1880 above --- 1950 Below
Song Bird Legend
Legend of the Birds
Former resident-columnist, Mrs. Elizabeth Merriwether Gilmer used the famous nom de plume
of "Dorothy Dix." In writing her syndicated column, Letters to the Lovelorn
, while in the shade of her gardens at 730 W. Beach Boulevard, she would often retell the Indian legend of the birds.
"Back in 1519," according to the legend as told by Miss Dix, "a handsome young Spaniard of royal birth, in the spirit of adventure, brought a group of explorers to the Gulf Coast to chart the lands that belonged to the Crown. Drifting with the tide one breathless summer day, he heard the enchanting music of a strange songbird in the primeval forest, and following the exquisite notes, found a beautiful Indian maiden lying beneath the bough of an ancient oak tree. Here in the wilderness, he learned to love not only the maiden, but all of her feathered friends whose haunting songs had lured him to this enchanted land.”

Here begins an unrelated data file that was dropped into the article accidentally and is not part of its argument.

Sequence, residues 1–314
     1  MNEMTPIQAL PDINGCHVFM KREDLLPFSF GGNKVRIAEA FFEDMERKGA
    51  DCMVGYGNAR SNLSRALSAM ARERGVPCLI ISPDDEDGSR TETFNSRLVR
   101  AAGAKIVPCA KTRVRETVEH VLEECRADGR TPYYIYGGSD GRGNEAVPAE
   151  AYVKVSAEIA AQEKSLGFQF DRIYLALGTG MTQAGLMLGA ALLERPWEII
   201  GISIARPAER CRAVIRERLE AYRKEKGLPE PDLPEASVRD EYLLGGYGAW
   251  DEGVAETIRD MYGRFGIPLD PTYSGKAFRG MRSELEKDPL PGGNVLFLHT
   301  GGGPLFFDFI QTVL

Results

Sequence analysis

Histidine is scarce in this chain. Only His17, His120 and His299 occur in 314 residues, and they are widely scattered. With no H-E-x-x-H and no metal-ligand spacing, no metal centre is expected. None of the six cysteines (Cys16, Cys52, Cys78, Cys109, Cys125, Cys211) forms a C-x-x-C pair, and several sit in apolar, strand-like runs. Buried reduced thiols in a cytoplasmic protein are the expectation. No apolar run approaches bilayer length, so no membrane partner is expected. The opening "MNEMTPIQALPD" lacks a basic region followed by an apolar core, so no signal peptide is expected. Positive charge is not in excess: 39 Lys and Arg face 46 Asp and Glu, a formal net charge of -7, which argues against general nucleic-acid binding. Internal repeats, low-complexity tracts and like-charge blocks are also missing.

"But the charts were finished and his companions, impatient at his long delay, set sail one moonlit night, and as he lay sleeping, the seawinds rocked him onward to Spain. The Indian maiden overwhelmed with grief for her lover, threw herself into the waters of the Sound. But her spirit lives, so the legend tells us, in the songbirds at Pass Christian, and tragedy is supposed to befall the person who kills a bird in this area."
Mrs. Merriwether was one of a significant number of famous and gifted persons who had taken residence in the Pass. This inspirational retreat, healthful resort, and sociable community has beckoned many to stay --- even if for just a short window in their lifetime. There is more information on Dorothy Dix at Arts of the Pass